Could a New Tax Cut for the Rich Be Obama’s First Tax Change?
December 30, 2008
Rep. Richard Neal of the Ways and Means Committee (a winner of the Tax Foundation’s Distinguished Service Award) wants to expand the tax exemption for private-activity municipal bond interest, making it exempt from the AMT. This income source is already exempt from regular tax rates, although Tax Foundation economists have argued that it should not be.
Neal’s justification is that it would be a good economic stimulus, but if that’s his rationale, then he should be proposing a temporary measure of one year’s duration or two at the most.
Neal knows the history of the AMT, so he knows that the municipal bond interest loophole is one of the big reasons we have an AMT in the first place. As Michael Barone and Bill Frenzel have recalled, automobile heiress Mrs. Horace Dodge had invested her millions in municipal bonds, which made her one of the 155 millionaires who paid no income tax in 1969. This caused such a ruckus that Congress enacted the AMT.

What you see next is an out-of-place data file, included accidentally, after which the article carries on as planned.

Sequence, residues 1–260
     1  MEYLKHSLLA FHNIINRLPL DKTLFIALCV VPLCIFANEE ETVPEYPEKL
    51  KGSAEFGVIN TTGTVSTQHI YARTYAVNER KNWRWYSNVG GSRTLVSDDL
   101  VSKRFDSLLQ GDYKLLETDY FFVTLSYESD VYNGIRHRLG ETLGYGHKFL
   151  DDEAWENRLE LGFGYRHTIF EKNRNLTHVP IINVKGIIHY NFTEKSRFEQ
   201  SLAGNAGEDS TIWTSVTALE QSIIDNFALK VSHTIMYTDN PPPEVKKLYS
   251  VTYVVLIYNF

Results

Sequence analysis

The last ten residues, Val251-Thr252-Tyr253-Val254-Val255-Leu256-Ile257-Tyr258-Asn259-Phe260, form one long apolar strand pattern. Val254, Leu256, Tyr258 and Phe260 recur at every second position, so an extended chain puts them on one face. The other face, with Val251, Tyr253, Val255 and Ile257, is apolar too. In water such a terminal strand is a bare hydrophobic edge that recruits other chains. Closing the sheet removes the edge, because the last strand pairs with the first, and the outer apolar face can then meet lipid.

Even if the AMT’s enactment in 1969 was partly a panicky PR response to a muckraking news report, it actually did make our income tax fairer. People with similar incomes started paying more similar taxes.
Tax Foundation Chief Economist Patrick Fleenor has railed against the municipal bond exclusion, calling it a $20 billion gift to the nation’s wealthiest investors and urging Congress to improve the AMT instead of putting more loopholes in it, as Rep. Neal’s proposal would do.
And Tax Foundation economist Gerald Prante has compared the income levels of the people who own municipal bonds to those who get other popular tax preferences. In 2007 no widespread tax preference was more disproportionately favorable to high-income people. More than 70 percent of the tax savings were declared on the tax returns of people in the top 10 percent of the income spectrum. That’s more “pro-rich” than the Bush tax cuts.
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